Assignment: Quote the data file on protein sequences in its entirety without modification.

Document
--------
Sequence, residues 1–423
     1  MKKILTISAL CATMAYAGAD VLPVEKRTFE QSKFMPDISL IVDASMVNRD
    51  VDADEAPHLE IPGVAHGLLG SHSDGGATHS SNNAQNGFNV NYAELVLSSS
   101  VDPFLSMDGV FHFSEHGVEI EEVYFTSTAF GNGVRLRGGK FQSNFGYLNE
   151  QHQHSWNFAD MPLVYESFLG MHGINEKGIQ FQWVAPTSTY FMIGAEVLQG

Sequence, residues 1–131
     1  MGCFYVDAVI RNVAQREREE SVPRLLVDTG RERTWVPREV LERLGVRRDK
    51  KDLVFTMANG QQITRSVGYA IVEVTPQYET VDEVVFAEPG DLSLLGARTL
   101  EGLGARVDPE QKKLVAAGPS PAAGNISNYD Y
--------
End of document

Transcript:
Sequence, residues 1–423
     1  MKKILTISAL CATMAYAGAD VLPVEKRTFE QSKFMPDISL IVDASMVNRD
    51  VDADEAPHLE IPGVAHGLLG SHSDGGATHS SNNAQNGFNV NYAELVLSSS
   101  VDPFLSMDGV FHFSEHGVEI EEVYFTSTAF GNGVRLRGGK FQSNFGYLNE
   151  QHQHSWNFAD MPLVYESFLG MHGINEKGIQ FQWVAPTSTY FMIGAEVLQG

Sequence, residues 1–131
     1  MGCFYVDAVI RNVAQREREE SVPRLLVDTG RERTWVPREV LERLGVRRDK
    51  KDLVFTMANG QQITRSVGYA IVEVTPQYET VDEVVFAEPG DLSLLGARTL
   101  EGLGARVDPE QKKLVAAGPS PAAGNISNYD Y